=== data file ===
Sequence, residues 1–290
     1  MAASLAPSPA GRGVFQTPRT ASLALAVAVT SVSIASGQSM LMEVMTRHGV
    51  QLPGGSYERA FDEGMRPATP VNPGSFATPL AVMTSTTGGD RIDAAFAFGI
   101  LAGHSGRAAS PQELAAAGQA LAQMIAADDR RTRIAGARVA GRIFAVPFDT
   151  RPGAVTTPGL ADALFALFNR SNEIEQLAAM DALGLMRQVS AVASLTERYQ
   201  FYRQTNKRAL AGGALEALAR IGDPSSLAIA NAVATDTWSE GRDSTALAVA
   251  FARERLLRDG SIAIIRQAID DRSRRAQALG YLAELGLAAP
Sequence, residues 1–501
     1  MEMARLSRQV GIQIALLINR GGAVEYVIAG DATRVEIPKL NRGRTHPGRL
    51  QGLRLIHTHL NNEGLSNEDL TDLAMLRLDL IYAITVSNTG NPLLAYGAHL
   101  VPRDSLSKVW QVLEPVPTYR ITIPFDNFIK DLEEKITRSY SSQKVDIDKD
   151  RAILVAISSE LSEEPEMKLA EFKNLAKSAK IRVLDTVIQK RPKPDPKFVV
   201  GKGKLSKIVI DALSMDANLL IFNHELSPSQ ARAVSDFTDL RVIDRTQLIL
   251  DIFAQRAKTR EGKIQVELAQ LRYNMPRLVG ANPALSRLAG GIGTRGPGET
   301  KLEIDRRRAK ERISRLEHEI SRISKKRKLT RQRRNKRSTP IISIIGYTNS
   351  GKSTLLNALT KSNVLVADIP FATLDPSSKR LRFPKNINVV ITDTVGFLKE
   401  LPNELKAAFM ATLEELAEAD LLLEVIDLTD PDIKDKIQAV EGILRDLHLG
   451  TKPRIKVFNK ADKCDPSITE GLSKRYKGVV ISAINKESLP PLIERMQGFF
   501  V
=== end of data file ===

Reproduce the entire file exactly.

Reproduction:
Sequence, residues 1–290
     1  MAASLAPSPA GRGVFQTPRT ASLALAVAVT SVSIASGQSM LMEVMTRHGV
    51  QLPGGSYERA FDEGMRPATP VNPGSFATPL AVMTSTTGGD RIDAAFAFGI
   101  LAGHSGRAAS PQELAAAGQA LAQMIAADDR RTRIAGARVA GRIFAVPFDT
   151  RPGAVTTPGL ADALFALFNR SNEIEQLAAM DALGLMRQVS AVASLTERYQ
   201  FYRQTNKRAL AGGALEALAR IGDPSSLAIA NAVATDTWSE GRDSTALAVA
   251  FARERLLRDG SIAIIRQAID DRSRRAQALG YLAELGLAAP
Sequence, residues 1–501
     1  MEMARLSRQV GIQIALLINR GGAVEYVIAG DATRVEIPKL NRGRTHPGRL
    51  QGLRLIHTHL NNEGLSNEDL TDLAMLRLDL IYAITVSNTG NPLLAYGAHL
   101  VPRDSLSKVW QVLEPVPTYR ITIPFDNFIK DLEEKITRSY SSQKVDIDKD
   151  RAILVAISSE LSEEPEMKLA EFKNLAKSAK IRVLDTVIQK RPKPDPKFVV
   201  GKGKLSKIVI DALSMDANLL IFNHELSPSQ ARAVSDFTDL RVIDRTQLIL
   251  DIFAQRAKTR EGKIQVELAQ LRYNMPRLVG ANPALSRLAG GIGTRGPGET
   301  KLEIDRRRAK ERISRLEHEI SRISKKRKLT RQRRNKRSTP IISIIGYTNS
   351  GKSTLLNALT KSNVLVADIP FATLDPSSKR LRFPKNINVV ITDTVGFLKE
   401  LPNELKAAFM ATLEELAEAD LLLEVIDLTD PDIKDKIQAV EGILRDLHLG
   451  TKPRIKVFNK ADKCDPSITE GLSKRYKGVV ISAINKESLP PLIERMQGFF
   501  V